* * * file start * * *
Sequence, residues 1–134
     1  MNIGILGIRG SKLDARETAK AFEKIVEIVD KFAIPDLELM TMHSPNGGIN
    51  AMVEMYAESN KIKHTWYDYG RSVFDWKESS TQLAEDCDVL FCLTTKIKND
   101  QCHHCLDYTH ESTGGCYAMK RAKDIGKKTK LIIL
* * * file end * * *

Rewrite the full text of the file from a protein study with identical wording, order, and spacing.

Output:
Sequence, residues 1–134
     1  MNIGILGIRG SKLDARETAK AFEKIVEIVD KFAIPDLELM TMHSPNGGIN
    51  AMVEMYAESN KIKHTWYDYG RSVFDWKESS TQLAEDCDVL FCLTTKIKND
   101  QCHHCLDYTH ESTGGCYAMK RAKDIGKKTK LIIL